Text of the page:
Breastfeeding and Breast Reduction
Breastfeeding following a breast reduction can not be guaranteed, but there is not necessarily a guarantee that a woman couldn't breastfeed following such cosmetic surgery either. If a woman who would like to undergo a breast reduction also wants to breastfeed in the future, she should notify her surgeon of this desire as soon as possible so that any possible accommodations can be made. Once you need to begin breastfeeding, let your doctor or lactation consultant know about your breast reduction so that, again, any necessary accommodations can be made.
Breast Reduction SurgeryBreast reduction surgery, also called reduction mammoplasty, requires the surgeon to make an incision though the type may be in a circle around the areola, a key hole pattern around the areola and extending vertically downwards, or an inverted T pattern. Fat, glandular tissue and skin are then removed either through the incision or via liposuction. The nipple may need to be repositioned afterwards, and the areola may even need to be resized. In most cases if the nipple and areola can be left intact with the tissues beneath them then breastfeeding will still be likely. However if the nipple must be removed and repositioned then nursing may no longer be an option given that nerve damage is more likely. Damage to milk ducts and even breast tissue required for allowing milk storage may also occur, rendering breastfeeding unlikely if not impossible.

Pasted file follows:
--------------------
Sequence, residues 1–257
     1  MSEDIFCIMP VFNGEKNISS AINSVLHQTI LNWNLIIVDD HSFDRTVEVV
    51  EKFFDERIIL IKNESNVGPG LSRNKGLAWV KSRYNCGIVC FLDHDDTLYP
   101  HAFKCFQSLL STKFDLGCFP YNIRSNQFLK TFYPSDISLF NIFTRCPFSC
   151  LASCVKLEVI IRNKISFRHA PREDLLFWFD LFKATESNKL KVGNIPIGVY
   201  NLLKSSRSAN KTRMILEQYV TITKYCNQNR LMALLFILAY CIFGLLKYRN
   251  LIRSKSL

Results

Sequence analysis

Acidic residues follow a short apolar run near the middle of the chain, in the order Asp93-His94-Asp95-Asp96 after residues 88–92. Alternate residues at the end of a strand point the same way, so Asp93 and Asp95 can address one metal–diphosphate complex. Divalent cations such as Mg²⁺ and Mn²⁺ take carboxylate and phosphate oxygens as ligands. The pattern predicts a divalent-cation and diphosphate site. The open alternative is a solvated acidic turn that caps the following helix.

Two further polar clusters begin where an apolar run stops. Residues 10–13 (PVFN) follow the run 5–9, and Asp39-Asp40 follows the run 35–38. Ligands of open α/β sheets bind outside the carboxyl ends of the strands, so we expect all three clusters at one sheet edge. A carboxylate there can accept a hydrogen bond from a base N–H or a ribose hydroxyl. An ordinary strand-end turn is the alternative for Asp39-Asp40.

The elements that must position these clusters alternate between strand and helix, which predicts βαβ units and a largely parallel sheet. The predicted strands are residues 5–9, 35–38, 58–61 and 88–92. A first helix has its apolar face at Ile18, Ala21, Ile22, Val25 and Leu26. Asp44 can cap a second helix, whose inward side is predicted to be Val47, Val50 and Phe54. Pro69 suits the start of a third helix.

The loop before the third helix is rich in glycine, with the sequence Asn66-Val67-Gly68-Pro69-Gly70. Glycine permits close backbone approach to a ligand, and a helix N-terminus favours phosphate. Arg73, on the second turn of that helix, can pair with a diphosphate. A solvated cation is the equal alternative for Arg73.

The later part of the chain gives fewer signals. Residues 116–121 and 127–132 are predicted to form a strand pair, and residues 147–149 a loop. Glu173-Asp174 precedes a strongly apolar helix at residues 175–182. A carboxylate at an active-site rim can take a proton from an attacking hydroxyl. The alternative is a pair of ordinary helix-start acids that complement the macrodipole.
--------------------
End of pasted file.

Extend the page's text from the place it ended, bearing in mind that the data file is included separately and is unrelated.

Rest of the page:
Breastfeeding After Breast ReductionIf a woman is able to breastfeed following breast reduction surgery then the fact that she has had surgery will not impact on the quality of her breast milk. However, the surgery may have an impact on the processes of lactation and/or feeding a baby at the breast. Breast surgery such as reduction mammoplasty always runs the risk of nipple damage such as an inability to feel certain sensations or nipple numbness. Women who have had breast reduction surgery then should experiment with a number of different feeding positions and observe their breasts/nipples during nursing so that they can notice anything that looks unusual since they might not be able to feel warning signs of infection or problems with the baby latching on. Breast reductions surgery may also affect lactation in that there may be limited space for the supply of milk produced or stored within the breast. This may mean that there is not enough milk produced to satisfy a baby, or that a mother can not hold a typical amount of milk and must feed or express more often.
Some women who reduce their breast size by undergoing breast reduction surgery may be able to breastfeed, but some may not. If it is known that a woman wants to breastfeed then this should be made clear prior to surgery. Similarly, if a woman has had a breast reduction then this should be made clear prior to attempting to breastfeed. For more information about breastfeeding and breast reduction, contact a reputable cosmetic surgeon experienced in the procedure, a lactation consultant or another medical professional.